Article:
Once you have had the baby, you will need to register the baby’s birth within 42 days and when you are back at home you will get regular visits from a health visitor or midwife who will monitor the baby’s development and be able to talk with you about parenting, see if you need any help and find appropriate support for you if you do. Many areas have specialist workers who support those aged under-18 and there are support groups for under-18’s which run at some children’s centres. Click here to find out what’s available locally.
Don’t forget! You can still get a sexually transmitted infection (STI) if you're pregnant and having unprotected sex, so it's always best to still use a condom.
Termination of pregnancy (abortion)
If you are pregnant and feel that you do not want to be, it is a good idea to talk about your feelings and clarify your options with someone. You may decide that you want to have an abortion (terminate the pregnancy).
You can be referred for abortion by:
- Your GP
- A Brook clinic
- A family planning or sexual health clinic
- Consulting an independent abortion provider such as BPAS or Marie Stopes
Although the legal time limit for abortion in the UK is 24 weeks, in reality is often becomes more difficult to access abortion beyond 12 weeks. This means it is important for you to talk through your full range of options as soon as you find out you are pregnant as this maximizes the choices you have. Just because you talk with someone about abortion as an option doesn’t mean you have to have one. You can change your mind right up to the point of physically starting the procedure.
Your partner does not have to give his permission for you to have an abortion.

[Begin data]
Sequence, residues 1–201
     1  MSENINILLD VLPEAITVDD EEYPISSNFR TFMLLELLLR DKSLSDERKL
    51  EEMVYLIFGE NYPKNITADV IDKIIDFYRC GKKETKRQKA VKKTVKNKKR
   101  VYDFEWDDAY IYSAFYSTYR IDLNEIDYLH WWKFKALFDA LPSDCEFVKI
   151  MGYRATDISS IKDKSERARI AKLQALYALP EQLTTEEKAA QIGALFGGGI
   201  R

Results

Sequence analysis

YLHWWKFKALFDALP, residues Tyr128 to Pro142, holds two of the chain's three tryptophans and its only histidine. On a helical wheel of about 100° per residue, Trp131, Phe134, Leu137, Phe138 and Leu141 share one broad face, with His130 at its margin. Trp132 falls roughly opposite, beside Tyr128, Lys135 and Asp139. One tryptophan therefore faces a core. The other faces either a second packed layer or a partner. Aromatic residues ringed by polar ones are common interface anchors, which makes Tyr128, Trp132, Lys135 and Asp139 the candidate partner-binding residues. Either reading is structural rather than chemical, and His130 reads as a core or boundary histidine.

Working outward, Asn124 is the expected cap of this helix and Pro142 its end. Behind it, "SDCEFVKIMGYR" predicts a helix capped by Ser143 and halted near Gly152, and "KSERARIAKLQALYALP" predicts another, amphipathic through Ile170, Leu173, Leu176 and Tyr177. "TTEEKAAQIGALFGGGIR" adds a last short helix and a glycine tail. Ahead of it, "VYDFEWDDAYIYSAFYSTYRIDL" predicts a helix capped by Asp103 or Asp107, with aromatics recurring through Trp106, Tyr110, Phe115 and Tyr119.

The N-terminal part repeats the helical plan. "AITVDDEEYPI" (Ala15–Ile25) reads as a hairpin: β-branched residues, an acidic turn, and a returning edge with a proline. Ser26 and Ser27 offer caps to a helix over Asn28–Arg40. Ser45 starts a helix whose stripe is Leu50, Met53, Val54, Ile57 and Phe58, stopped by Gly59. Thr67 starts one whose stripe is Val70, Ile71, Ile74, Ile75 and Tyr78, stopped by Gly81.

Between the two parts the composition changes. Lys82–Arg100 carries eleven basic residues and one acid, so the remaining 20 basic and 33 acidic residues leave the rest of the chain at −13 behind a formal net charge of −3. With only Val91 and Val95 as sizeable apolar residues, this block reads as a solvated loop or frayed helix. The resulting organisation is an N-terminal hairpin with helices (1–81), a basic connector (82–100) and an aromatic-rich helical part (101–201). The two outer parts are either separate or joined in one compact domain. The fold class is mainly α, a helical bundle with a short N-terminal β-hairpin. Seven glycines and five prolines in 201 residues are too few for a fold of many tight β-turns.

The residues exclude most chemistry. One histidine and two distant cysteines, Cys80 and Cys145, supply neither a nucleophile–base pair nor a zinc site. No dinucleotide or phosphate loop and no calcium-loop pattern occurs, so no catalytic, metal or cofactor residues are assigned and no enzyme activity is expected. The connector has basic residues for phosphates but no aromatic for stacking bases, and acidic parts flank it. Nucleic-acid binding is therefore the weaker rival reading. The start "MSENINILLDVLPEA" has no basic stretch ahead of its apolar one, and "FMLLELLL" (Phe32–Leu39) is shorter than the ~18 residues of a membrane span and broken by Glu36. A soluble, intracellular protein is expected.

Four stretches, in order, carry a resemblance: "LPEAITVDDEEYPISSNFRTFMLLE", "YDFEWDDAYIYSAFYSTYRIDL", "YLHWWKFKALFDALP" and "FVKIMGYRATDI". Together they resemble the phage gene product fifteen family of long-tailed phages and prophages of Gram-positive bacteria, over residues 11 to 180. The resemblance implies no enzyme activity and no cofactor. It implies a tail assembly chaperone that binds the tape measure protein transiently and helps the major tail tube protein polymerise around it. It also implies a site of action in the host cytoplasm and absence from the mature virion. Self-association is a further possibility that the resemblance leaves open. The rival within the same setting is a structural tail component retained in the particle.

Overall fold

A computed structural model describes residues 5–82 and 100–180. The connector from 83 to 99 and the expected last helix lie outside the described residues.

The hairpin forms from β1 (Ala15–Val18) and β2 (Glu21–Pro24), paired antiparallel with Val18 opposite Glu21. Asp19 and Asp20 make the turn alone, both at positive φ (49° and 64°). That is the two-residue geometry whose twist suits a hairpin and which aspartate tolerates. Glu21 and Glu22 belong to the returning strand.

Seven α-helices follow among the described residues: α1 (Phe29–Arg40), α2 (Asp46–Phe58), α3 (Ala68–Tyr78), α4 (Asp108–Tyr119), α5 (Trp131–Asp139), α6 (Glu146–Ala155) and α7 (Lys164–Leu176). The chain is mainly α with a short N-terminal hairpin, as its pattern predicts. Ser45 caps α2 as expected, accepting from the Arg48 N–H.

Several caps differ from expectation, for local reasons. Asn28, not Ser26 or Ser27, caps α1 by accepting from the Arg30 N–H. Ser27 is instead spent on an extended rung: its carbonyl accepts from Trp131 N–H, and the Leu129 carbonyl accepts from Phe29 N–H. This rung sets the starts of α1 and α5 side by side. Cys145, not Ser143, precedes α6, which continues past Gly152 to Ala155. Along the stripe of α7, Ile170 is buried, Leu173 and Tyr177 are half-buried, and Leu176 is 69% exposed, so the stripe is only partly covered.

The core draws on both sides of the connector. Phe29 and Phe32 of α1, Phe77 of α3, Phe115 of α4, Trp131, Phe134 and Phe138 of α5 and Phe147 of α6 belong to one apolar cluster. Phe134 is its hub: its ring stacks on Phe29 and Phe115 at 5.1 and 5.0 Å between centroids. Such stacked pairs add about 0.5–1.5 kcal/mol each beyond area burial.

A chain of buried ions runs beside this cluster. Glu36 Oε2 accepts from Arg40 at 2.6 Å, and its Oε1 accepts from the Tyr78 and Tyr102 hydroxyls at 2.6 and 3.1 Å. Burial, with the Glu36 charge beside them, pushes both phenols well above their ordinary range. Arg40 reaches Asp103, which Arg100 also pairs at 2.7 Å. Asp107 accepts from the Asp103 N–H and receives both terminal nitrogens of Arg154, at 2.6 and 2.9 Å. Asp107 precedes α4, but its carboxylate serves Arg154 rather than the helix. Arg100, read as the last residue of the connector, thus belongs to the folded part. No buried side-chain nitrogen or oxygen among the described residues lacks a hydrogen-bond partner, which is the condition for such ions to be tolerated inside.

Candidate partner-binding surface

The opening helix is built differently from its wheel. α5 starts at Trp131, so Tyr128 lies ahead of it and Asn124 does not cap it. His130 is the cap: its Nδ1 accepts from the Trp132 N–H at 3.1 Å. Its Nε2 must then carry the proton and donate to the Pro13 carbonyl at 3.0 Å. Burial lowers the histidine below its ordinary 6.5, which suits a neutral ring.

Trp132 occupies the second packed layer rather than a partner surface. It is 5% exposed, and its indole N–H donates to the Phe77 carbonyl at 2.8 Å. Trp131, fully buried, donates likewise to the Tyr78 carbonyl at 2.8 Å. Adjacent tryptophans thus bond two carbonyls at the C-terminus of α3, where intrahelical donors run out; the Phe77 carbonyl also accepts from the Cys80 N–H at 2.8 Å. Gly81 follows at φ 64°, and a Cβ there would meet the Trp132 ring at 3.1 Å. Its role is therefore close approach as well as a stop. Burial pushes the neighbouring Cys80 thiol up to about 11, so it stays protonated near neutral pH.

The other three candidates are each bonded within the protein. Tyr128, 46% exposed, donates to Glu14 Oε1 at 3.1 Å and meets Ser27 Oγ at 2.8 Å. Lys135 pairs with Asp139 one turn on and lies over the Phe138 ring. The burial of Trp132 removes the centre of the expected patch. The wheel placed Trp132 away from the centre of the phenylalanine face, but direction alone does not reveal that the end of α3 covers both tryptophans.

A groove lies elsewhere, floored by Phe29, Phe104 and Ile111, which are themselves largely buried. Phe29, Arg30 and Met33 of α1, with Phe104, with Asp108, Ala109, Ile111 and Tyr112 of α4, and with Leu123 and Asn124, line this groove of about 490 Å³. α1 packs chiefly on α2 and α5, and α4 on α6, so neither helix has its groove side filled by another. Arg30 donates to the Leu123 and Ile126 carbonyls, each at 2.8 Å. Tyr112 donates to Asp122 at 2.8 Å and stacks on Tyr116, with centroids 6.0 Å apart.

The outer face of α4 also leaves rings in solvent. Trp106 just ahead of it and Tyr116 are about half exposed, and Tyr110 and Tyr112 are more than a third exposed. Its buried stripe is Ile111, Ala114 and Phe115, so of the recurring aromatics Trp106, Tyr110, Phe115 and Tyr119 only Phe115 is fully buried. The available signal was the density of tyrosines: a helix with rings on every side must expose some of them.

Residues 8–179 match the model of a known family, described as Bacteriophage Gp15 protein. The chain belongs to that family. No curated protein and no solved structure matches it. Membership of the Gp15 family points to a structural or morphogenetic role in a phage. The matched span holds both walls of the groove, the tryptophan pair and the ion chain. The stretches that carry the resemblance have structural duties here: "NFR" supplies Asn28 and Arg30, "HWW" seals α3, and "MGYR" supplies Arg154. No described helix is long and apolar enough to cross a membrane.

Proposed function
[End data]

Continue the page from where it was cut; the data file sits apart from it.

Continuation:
Young women under the age of 16 years can have an abortion without parental involvement as long as the doctor treating the young woman is confident that the young women is mature enough to consent to the procedure she is requesting. In reality most young women do choose to tell and involve a parent or trusted adult. Two doctors must agree that you satisfy the legal criteria for abortion.
For more confidential information contact:
If you are pregnant but feel unable to keep the baby yourself you can consider adoption as one or your pregnancy options. Like all decision-making around unplanned pregnancy, this is a difficult choice and you will need to talk this option through with someone. Get expert advice as soon as possible by contacting the adoption social workers within your local authority, or the British Association for Adoption and Fostering at www.baaf.org.uk
Adoption provides a child with new legal parents and legally ends the relationship between the child and his or her birth parents.
If you do decide that adoption is the right choice for you, the adoption will be arranged by social workers within an approved adoption agency.
Although preparations for adoption can begin before the child is born, nothing will be definitely arranged until after the birth. You are completely free to change your mind up until the point at which an adoption order is made by a court. This cannot happen until the baby is at least 19 weeks old and have lived with the prospective adopters for 13 weeks. Find details on social services within your local area.